The psychological magnitude loudness is associated with a given SPL. Judgments of whether two sine tones sound equally loud show fairly low dispersion among different individuals. Judgments on "how much" louder one tone is than another require previous conditioning or training and yield results that fluctuate greatly from individual to individual and from occasion to occasion.

Curves of Equal Loudness and the "Fetcher Munsen Curve"
Tones of the same SPL but with different frequencies are in general judged as having different loudness. SPL is thus not a good measure of loudness, if we inter compare tones of different frequency. Experiments have been performed to establish curves of equal loudness, taking the SPL at 1 KHz as a reference quantity. These are shown below...

This shows the relationship between volume and frequency response of your ears, or what does the "Loudness" button do. For example, at 20 Hz, the lowest SPL you can hear is about 65 dB. At 500 Hz however you can hear all the way down to 0 dB. Notice that around 3kHz is the most sensitive region. A Phon is a unit of volume that roughly corresponds with dB SPL.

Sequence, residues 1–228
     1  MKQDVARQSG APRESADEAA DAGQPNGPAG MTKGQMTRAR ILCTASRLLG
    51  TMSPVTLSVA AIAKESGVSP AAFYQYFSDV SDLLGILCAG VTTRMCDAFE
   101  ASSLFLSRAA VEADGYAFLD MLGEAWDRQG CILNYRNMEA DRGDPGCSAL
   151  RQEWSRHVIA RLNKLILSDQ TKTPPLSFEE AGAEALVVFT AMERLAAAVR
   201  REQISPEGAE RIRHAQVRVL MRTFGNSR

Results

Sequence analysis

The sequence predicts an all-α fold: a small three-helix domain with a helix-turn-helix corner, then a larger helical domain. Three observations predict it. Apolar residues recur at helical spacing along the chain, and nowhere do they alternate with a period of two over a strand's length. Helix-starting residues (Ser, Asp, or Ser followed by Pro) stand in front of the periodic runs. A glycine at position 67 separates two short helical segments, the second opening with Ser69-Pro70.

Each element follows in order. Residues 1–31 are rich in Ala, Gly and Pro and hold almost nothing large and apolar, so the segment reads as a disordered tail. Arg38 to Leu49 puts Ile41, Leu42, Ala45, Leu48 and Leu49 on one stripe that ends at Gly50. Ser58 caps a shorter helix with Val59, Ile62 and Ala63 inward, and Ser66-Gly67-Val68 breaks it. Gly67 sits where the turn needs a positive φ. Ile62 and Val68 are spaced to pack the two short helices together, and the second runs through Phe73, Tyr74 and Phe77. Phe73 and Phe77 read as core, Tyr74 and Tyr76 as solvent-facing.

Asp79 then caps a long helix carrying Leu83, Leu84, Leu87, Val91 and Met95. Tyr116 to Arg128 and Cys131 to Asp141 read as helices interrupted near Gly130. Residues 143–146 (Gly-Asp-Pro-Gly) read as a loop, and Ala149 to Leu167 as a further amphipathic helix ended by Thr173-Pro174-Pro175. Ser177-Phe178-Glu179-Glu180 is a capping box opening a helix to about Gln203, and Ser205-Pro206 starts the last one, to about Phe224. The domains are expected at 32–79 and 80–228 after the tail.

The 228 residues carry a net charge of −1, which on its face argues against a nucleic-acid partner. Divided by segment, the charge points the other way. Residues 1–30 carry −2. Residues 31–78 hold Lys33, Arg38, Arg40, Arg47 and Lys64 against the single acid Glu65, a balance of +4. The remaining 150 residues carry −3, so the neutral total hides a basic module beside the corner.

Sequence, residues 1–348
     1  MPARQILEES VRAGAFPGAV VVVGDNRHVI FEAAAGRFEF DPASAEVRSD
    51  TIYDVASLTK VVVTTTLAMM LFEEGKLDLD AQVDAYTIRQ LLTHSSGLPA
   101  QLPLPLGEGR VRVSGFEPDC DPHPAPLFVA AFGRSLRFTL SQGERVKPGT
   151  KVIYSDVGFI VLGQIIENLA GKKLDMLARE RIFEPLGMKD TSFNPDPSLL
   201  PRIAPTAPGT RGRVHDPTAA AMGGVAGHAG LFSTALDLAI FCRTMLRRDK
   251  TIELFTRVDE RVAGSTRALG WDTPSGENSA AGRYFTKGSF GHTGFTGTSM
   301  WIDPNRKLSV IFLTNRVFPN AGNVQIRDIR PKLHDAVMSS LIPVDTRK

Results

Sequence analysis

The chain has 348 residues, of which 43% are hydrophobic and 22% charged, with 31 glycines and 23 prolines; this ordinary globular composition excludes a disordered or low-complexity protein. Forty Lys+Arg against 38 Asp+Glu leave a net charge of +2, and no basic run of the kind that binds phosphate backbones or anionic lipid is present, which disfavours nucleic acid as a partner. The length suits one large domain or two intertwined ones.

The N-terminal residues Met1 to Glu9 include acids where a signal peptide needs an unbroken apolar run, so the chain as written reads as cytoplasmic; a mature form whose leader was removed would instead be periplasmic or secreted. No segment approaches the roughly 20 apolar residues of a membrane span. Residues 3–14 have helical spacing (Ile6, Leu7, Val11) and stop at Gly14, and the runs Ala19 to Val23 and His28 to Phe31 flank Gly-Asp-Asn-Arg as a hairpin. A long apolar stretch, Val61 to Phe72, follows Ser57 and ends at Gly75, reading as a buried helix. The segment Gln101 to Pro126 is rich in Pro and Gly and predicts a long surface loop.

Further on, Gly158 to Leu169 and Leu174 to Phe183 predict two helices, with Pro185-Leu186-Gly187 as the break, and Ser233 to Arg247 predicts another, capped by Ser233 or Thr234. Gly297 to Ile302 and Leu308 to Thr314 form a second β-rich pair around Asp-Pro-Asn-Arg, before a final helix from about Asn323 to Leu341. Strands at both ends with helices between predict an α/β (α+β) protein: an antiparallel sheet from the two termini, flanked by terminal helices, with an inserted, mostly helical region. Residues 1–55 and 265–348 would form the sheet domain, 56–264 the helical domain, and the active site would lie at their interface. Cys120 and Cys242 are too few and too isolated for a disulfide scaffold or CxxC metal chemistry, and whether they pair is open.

The chart below demonstrates the threshold of hearing at different decibel levels across the frequency range of human hearing. As decibel level increases, the frequency response of our ears begins to flatten. This is known as the Fletcher-Munson curve.

Fletcher-Munson Curve

The characteristic we identify with the shout is the power behind it, the force used to make the sound travel. When we measure something in decibels, we take the ratio of the power of the measured sound (P) to the reference-level power (Pr) of 10-12 watts per square meter. The actual decibel reading is mathematically expressed 10 log10 (P/Pr). You can add and subtract decibels, but you can multiply or divide them. Since not all frequencies are perceived to be as loud to the human ear, even at equal power, most decibel meters attenuate to the specific frequencies while making a measurement. Twenty decibels is not twice as loud as 10 dB, but 10 times as loud. To double the perceived loudness of a violin, you need an additional 8-9 violinists. That's one reason why a modern symphony orchestra has as many members as it does, to achieve a balanced volume.